nonhocapito wrote:I love how you managed not to mention the holocaust at all. Anyway
Thank you. I thought you did a pretty good job of bringing it up already in your hypothetical example. Staying on topic, however ...
nonhocapito wrote:2) the example I gave has nothing to do with Pinocchio. You don't seem to actually have an idea of how non-hypocrite children behave, or perhaps you are focusing too much on teenagers. My example reflects what a spontaneous, innocent, unaware child in elementary school might do in class when he hears things which contradict things he heard at home.
There are plenty of non-hypocritical children who are happy to not involve their parents in discussions until the teachers bring them up in particular. I just did not encounter young peers in classrooms or playgrounds or casual or formal settings of any kind beginning arguments from the weak position of, "My parents say ..."
Of course, there are countless ways we as adults can read into what children say or even implicitly understand that their statements come from their parents/guardians. Sorry you had the experience you related in which case that did happen to you and you were bullied for it, but I definitely have not. In fact, in the community I'm from I believe that kind of thing could even get the teacher in trouble for breathing down the necks of kids. I have been shamed by a power-abusing teacher for something completely unrelated to PsyOps, as far as I remember.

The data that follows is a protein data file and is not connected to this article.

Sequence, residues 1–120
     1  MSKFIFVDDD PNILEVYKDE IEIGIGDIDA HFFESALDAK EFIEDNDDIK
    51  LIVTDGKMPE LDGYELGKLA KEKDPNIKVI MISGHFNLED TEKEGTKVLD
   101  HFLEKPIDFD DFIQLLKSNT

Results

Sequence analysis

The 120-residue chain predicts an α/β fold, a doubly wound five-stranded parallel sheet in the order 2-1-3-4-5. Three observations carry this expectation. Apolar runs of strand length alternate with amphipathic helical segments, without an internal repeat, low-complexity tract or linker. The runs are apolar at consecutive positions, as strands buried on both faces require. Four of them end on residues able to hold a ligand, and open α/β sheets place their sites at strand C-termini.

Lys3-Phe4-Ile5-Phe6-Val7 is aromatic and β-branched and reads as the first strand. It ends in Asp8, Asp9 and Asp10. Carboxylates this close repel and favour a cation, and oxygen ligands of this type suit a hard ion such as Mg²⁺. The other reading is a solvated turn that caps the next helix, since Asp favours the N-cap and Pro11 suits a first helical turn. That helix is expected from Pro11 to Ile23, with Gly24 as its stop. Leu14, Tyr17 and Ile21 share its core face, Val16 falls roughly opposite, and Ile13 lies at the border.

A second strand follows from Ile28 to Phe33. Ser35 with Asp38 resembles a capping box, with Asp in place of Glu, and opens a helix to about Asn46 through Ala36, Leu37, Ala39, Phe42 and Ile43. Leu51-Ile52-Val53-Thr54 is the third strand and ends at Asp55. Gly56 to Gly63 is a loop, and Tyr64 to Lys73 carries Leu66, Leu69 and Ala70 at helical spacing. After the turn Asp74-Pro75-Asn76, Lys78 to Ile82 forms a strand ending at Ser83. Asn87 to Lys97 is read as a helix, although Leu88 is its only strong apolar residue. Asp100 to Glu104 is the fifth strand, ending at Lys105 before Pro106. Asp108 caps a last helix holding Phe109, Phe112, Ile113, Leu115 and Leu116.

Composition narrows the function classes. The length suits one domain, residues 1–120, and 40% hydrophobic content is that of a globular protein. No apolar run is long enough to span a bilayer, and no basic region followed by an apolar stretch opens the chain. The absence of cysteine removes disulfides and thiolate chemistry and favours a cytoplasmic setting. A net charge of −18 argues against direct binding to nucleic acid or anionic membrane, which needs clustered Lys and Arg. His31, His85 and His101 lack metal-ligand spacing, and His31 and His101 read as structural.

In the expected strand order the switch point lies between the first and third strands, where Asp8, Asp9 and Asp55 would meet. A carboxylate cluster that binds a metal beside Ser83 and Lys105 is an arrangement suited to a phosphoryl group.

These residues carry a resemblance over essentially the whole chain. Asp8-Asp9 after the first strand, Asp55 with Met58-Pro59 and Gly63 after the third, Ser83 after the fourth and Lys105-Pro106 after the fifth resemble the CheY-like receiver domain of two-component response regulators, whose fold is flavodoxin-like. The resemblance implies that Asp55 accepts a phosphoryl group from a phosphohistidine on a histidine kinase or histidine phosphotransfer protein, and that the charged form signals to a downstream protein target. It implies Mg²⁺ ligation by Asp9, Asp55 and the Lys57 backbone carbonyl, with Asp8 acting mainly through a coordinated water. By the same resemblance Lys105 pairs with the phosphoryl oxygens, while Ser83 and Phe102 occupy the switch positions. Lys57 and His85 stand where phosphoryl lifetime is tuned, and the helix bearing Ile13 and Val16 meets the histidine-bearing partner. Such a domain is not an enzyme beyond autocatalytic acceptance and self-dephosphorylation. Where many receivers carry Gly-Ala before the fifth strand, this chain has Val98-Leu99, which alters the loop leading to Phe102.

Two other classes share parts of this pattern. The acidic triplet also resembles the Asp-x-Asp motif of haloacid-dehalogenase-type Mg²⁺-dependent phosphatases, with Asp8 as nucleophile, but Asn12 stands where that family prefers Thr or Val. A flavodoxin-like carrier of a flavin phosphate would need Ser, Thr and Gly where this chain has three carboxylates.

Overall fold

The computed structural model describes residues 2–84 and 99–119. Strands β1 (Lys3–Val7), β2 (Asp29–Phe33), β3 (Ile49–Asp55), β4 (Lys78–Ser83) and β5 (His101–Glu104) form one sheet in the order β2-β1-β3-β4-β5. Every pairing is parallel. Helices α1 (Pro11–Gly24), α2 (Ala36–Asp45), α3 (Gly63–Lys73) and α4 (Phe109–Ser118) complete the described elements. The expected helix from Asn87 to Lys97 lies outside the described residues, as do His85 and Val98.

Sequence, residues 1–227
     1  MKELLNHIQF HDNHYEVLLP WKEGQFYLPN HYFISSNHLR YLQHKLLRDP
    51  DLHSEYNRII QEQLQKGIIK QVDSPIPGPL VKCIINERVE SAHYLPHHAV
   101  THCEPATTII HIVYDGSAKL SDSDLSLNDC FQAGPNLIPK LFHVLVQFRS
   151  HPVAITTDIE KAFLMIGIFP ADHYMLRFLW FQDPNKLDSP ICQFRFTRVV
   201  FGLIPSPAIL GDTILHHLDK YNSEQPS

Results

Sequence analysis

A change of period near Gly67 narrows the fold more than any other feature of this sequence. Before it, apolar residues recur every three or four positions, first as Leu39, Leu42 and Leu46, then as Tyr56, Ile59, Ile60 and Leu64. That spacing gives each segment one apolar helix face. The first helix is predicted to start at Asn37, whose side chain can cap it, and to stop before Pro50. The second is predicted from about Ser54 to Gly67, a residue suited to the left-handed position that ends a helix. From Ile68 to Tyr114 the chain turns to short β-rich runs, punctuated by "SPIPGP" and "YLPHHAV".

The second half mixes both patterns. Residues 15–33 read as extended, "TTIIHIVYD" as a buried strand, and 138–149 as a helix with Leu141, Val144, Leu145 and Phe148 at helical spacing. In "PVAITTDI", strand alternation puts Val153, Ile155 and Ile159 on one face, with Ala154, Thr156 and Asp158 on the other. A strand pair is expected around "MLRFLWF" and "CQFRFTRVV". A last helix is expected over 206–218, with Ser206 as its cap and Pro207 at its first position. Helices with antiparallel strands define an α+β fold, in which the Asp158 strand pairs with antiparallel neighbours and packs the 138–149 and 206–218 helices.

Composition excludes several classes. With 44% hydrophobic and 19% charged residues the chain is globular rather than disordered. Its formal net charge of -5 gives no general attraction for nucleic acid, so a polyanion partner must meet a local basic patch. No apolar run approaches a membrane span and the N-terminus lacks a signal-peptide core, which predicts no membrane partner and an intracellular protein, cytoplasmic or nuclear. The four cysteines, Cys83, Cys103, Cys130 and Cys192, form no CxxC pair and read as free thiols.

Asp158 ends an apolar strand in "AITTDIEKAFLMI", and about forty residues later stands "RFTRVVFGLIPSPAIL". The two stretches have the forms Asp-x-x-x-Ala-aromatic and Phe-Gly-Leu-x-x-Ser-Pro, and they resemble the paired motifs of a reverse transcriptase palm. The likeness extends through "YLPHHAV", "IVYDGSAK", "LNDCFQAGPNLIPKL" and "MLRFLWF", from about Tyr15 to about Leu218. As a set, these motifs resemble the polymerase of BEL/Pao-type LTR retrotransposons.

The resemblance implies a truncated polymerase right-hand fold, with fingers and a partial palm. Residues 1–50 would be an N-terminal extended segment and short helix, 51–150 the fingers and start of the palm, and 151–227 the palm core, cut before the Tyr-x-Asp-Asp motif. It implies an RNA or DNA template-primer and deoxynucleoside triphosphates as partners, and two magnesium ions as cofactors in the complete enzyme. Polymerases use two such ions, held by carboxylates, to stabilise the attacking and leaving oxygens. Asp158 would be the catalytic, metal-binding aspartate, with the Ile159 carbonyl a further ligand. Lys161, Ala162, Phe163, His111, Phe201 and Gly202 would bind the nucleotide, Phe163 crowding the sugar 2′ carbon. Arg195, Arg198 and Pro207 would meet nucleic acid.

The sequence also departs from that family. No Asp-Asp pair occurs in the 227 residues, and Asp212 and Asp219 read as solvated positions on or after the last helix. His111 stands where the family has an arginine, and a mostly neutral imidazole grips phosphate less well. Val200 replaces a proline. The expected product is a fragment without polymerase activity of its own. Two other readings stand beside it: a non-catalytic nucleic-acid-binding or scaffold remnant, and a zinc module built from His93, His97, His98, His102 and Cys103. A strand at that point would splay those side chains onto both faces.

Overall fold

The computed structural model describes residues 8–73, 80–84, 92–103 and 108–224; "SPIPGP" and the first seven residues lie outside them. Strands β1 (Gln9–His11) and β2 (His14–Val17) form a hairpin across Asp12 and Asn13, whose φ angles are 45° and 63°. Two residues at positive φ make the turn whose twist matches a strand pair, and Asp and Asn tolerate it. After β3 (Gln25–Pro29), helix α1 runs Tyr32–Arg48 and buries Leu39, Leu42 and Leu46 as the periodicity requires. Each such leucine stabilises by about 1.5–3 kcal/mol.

There is no human "total control" of any kind, and I still say that depending on the community you can "feel out" where you can talk openly about things, that process is often a matter of trying it and talking openly about things is a fine goal.
I want to express support to everyone in this difficult issue, but I also slightly disagree that the Holocaust is something Americans have to fear discussing as much as Europeans are trained to do. (It also makes me wonder what the U.K.'s educational stance on Jewish history is, and how it may be effected by Brexit, if it is effected.) Let's not colonize ourselves with that fear shit.
Where we enjoy freedom, we should use and exercise it. Each situation must be read carefully and differently, certainly. I agree that there are many situations where children should not be forced to argue with older, more experienced debaters.
Anyway, I glean from this thread so far that there is a great deal of hope. If not just in our feisty members, also the simple observation that children given platforms to discuss the possibilities have much better imaginations than our misleaders.